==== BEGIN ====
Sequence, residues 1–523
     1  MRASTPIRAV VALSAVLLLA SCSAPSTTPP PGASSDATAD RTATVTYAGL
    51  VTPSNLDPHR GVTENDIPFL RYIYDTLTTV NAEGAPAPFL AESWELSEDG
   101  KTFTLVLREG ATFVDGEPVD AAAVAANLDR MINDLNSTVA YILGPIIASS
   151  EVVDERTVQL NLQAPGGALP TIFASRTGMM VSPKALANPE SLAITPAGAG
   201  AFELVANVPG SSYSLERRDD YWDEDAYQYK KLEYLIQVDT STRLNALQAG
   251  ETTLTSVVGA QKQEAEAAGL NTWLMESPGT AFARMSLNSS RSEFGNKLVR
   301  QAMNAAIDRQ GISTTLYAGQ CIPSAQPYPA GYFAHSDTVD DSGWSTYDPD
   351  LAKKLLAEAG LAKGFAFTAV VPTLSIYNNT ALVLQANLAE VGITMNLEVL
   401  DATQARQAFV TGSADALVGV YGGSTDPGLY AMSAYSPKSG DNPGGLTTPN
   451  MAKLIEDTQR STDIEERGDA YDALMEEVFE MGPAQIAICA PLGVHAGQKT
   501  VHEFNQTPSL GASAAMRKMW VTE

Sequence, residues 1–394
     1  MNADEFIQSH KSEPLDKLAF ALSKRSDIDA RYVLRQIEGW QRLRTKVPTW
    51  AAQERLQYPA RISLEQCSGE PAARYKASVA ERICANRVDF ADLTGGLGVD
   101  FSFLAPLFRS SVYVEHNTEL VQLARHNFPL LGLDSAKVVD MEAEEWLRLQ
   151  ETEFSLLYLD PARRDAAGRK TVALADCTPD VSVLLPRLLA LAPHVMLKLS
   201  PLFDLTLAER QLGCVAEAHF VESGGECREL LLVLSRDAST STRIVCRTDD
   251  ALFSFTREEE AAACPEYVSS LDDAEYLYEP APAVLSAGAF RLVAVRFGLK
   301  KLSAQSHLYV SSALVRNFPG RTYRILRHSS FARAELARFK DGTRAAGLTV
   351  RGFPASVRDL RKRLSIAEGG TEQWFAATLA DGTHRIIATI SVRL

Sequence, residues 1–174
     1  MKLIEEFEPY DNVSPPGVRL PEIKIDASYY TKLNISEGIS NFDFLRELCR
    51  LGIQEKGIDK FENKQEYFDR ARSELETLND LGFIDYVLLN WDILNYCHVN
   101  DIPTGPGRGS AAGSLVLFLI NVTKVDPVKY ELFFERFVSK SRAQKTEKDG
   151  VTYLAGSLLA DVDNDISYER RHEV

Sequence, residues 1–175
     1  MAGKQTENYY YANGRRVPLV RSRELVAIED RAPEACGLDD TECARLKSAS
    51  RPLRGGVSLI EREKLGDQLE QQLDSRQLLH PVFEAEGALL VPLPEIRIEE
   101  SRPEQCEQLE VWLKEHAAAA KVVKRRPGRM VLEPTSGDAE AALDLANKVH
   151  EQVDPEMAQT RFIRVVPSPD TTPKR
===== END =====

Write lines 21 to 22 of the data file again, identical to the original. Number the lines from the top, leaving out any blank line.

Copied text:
   351  RGFPASVRDL RKRLSIAEGG TEQWFAATLA DGTHRIIATI SVRL

Sequence, residues 1–174